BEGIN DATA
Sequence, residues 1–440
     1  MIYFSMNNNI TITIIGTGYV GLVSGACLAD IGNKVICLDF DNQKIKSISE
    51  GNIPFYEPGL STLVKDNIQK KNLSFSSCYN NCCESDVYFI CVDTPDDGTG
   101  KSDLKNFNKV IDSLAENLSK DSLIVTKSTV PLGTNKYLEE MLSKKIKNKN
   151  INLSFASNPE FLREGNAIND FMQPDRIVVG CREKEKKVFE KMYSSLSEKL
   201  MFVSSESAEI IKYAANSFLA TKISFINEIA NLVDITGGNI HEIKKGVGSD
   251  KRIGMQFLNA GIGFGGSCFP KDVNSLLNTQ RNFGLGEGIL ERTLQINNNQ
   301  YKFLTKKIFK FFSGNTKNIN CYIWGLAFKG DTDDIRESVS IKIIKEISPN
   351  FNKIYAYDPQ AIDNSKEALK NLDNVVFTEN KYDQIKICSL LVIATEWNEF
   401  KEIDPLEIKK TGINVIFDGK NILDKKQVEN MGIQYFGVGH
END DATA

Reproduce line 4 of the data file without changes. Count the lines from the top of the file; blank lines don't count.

   101  KSDLKNFNKV IDSLAENLSK DSLIVTKSTV PLGTNKYLEE MLSKKIKNKN